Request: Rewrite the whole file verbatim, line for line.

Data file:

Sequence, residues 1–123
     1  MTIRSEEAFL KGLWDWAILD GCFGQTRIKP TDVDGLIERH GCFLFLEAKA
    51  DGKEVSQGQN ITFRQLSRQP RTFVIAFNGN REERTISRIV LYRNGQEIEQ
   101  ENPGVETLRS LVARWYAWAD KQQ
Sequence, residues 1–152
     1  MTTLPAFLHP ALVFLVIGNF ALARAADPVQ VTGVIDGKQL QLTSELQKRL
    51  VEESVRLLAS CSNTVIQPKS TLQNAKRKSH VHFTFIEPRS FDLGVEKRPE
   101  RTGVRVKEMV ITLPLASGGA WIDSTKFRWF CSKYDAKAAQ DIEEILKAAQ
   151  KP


Sequence, residues 1–123
     1  MTIRSEEAFL KGLWDWAILD GCFGQTRIKP TDVDGLIERH GCFLFLEAKA
    51  DGKEVSQGQN ITFRQLSRQP RTFVIAFNGN REERTISRIV LYRNGQEIEQ
   101  ENPGVETLRS LVARWYAWAD KQQ
Sequence, residues 1–152
     1  MTTLPAFLHP ALVFLVIGNF ALARAADPVQ VTGVIDGKQL QLTSELQKRL
    51  VEESVRLLAS CSNTVIQPKS TLQNAKRKSH VHFTFIEPRS FDLGVEKRPE
   101  RTGVRVKEMV ITLPLASGGA WIDSTKFRWF CSKYDAKAAQ DIEEILKAAQ
   151  KP